A ground-breaking resource has woven together the experience of practitioner and patient to craft a learning tool for students entering the field of mental health.
Co-authored by University of Newcastle (UON) Professor of Mental Health Nursing, Mike Hazelton, alongside UON graduate Simon Swinson, Contemporary Psychiatric-Mental Health Nursing is written through the eyes of those dealing first-hand with the consequences of mental illness.
Mr Swinson, who lives with schizophrenia, said he was keen to contribute to the unique publication in an attempt to debunk stereotypes and help create a new generation of mental health professionals.
“Writing the chapters with Mike was really important to me as it got my story out there. In some ways it’s quite a painful story, but it serves a purpose and that is to give students a realistic understanding of psychiatric disability.
“It’s certainly better to have real-life stories than anything contributed by an academic who may not have any exposure to the condition,” Mr Swinson explained.
Having experienced a painful childhood, symptoms began presenting themselves when Mr Swinson was around 22. With no understanding of why he was suffering a change in his behaviour, his daily life was transformed, with new challenges including sleep deprivation and weight gain.
“People assume with schizophrenia that you hear voices and that you are totally dysfunctional, which is not at all true. I can struggle with social isolation as I find it hard to share my story, but I’ve also found the process of talking very healing over the years,” he said.
An accomplished student himself, Mr Swinson graduated from a Bachelor of Arts (Honours) majoring in French with the University Medal in 2008. The pair first made contact when Professor Hazelton attended a lecture he was giving on understanding schizophrenia.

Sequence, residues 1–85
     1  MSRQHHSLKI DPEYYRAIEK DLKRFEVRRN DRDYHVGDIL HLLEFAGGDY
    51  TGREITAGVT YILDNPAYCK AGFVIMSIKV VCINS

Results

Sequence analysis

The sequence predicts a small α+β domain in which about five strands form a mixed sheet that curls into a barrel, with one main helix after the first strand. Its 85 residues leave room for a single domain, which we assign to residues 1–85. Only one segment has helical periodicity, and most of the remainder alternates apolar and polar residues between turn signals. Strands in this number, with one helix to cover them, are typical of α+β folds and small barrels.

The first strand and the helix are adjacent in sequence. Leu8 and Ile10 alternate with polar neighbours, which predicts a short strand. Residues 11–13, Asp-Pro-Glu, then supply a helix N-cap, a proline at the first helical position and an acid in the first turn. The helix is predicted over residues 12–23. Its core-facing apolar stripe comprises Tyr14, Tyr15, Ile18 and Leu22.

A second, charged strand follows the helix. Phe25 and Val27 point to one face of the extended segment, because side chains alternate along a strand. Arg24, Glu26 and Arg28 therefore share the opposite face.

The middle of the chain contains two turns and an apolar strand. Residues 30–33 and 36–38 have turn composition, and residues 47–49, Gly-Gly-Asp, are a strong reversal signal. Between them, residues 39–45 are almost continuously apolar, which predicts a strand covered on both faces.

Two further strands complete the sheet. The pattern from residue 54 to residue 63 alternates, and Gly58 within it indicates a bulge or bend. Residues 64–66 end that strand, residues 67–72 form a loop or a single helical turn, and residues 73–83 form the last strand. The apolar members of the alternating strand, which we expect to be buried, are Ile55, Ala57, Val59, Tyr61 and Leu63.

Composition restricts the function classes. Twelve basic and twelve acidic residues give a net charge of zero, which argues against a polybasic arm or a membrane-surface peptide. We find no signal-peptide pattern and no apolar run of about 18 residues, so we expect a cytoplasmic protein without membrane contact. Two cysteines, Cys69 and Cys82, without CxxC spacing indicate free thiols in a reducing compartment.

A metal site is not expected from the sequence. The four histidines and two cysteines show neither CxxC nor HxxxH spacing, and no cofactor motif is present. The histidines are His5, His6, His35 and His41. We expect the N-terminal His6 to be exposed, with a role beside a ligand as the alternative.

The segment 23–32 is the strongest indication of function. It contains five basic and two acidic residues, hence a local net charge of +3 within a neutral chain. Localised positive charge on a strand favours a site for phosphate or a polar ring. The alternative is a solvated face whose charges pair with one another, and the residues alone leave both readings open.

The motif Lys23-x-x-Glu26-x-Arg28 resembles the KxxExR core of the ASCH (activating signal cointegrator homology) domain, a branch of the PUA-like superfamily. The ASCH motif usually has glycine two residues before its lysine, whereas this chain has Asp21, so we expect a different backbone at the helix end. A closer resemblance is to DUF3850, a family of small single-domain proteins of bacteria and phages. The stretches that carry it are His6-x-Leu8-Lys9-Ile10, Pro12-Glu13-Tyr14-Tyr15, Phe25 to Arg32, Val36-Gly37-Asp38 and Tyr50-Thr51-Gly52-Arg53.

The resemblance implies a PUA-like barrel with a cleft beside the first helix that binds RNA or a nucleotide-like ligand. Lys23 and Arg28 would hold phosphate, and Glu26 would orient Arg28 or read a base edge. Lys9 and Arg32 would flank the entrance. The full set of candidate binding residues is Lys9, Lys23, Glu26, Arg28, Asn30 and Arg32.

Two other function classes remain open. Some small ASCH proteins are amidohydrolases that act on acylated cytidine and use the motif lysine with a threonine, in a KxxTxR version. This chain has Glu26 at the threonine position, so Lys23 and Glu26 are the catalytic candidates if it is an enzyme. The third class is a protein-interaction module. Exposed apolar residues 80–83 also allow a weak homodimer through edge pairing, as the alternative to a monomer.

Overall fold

Professor Hazelton, who has over 30 years’ experience in mental health education, said it was imperative those suffering from these conditions were included in the rhetoric around dealing with mental health issues.
“What makes this text unique and innovative is that almost every chapter has been co-authored by a mental health nurse or health professional, and a person with lived experience of mental illness.
“I hope my work with Simon has given new insight into psychiatric conditions, as I believe it adds an invaluable personal account to our work,” he said.
With second year Bachelor of Nursing students already implementing the text in UON classrooms, Professor Hazelton said he was thrilled to have found a new way to contribute student learning.
“Simon’s account ensures the information presented in the book properly articulates the intricacies of the disorders discussed.
“I truly believe this is a game-changer in terms of how professional texts ought to be written, to ensure those entering the field have a well-rounded and realistic understanding of the impact these conditions can have,” Professor Hazelton said.
For Simon Swinson, his involvement is another step in the healing process as well as a way of giving a unique insight into his world.
“I am honoured to be part of the process and what I hope is that students listen and take my words as a very serious, real experience that contributes to their learning,” he added.